Inescapable media images of sexed-up girls and women posing as adolescents can cause psychological and even physical harm to adolescents and young women, a study in the US has warned. The pressure of what experts call "sexualization" can lead to depression, eating disorders, and poor academic performance, said the report, recently released by the American Psychological Association. "Sexualization of girls is a broad and increasing problem and is harmful to girls," it concluded.
Adult women dressed as schoolgirls in music videos, bikini-clad dolls in hot tubs, and sexually-charged advertisements featuring teenagers were among the many examples cited. Such omnipresent images -- on television and the Internet, in movies and magazines -- can also have a negative effect on a young girl's sexual development, the study cautioned.
Based on a comprehensive review of academic literature, the 66-page report noted that young adolescents and girls were particularly at risk because their sense of self is still being formed. School performance can also suffer. In one experiment cited, college-aged women were asked to try on and evaluate either a swimsuit or a sweater. While they waited for 10 minutes while wearing the garment, they completed a math test. The results revealed that young women in swimsuits performed significantly worse ... than those wearing sweaters. No differences were found for young men. Imagine that if the brain cells of college girls are affected by dressing provocative, the affect on younger girls must be devastating. I often see young girls on their way to local middle schools and high school overly sexed-up from their hair to their apparel. Unfortunately, it's out of the schools hands because if school officials reprimand inappropriate dress the parents will claim the child has been emotionally damaged and seek legal resolve. In my own personal experience, I have noticed in the Sunday school class that I teach that young girls with too much emphasis on the appearance are less likely to grasp the lesson.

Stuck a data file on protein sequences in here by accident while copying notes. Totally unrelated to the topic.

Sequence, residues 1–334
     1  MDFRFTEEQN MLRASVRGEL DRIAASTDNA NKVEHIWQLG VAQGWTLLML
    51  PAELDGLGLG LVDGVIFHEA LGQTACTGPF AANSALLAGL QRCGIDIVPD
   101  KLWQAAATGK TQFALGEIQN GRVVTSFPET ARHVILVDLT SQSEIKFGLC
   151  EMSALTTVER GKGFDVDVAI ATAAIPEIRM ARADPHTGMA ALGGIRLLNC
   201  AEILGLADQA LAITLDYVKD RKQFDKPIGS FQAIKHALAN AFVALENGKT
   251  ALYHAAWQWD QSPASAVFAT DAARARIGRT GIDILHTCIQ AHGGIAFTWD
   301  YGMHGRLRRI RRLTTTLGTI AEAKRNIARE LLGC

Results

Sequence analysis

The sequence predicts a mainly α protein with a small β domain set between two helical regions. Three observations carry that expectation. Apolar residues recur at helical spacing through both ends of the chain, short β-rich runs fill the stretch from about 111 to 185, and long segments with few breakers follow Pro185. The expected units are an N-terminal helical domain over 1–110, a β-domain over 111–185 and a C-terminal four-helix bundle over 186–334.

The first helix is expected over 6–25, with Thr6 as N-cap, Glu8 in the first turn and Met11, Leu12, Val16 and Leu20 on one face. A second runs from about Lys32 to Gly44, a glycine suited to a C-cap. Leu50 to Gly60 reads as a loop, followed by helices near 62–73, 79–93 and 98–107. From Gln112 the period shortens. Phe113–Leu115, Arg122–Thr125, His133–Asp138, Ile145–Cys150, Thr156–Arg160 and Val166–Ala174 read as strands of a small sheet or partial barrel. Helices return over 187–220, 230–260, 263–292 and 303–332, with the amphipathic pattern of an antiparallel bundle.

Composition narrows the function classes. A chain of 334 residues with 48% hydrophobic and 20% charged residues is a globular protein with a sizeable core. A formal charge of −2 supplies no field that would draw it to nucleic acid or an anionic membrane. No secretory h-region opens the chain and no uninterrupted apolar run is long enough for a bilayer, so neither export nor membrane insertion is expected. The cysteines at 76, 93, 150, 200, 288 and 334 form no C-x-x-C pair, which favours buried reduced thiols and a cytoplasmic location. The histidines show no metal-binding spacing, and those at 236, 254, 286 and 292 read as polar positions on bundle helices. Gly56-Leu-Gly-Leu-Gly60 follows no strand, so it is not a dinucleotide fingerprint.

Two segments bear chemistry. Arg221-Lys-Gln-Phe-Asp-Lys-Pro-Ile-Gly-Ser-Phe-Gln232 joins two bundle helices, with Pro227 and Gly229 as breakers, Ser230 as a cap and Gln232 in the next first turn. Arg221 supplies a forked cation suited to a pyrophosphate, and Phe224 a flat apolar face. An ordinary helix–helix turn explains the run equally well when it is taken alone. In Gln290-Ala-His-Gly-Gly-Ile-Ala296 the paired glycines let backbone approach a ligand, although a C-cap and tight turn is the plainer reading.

The study, which includes numerous recommendations for concerned parents, coincides with a growing wave of public concern about the impact of highly sexed imagery. The study said, Sexualization occurs when "a person's value comes only from his or her sexual appeal or behavior," when sexuality is inappropriately imposed, or when a person is sexually "objectified."
Looking at popular music videos, the authors quoted songs by several popular artists emphasizing lyrics that they suggested sexually objectified women. The report said, "Sexualization of women is particularly prominent in advertising," and singled out beer commercials as a major offender. Also cited was a shoe ad that features pop singer Christina Aguilera dressed as a schoolgirl in pigtails, with her shirt unbuttoned while licking a lollipop. The report called on parents to take a more active roll in helping to shape the sexual self-image of their children, and to exert consumer pressure on manufacturers and advertisers. Ultimately, some girls are lobotomized by popular fashion.
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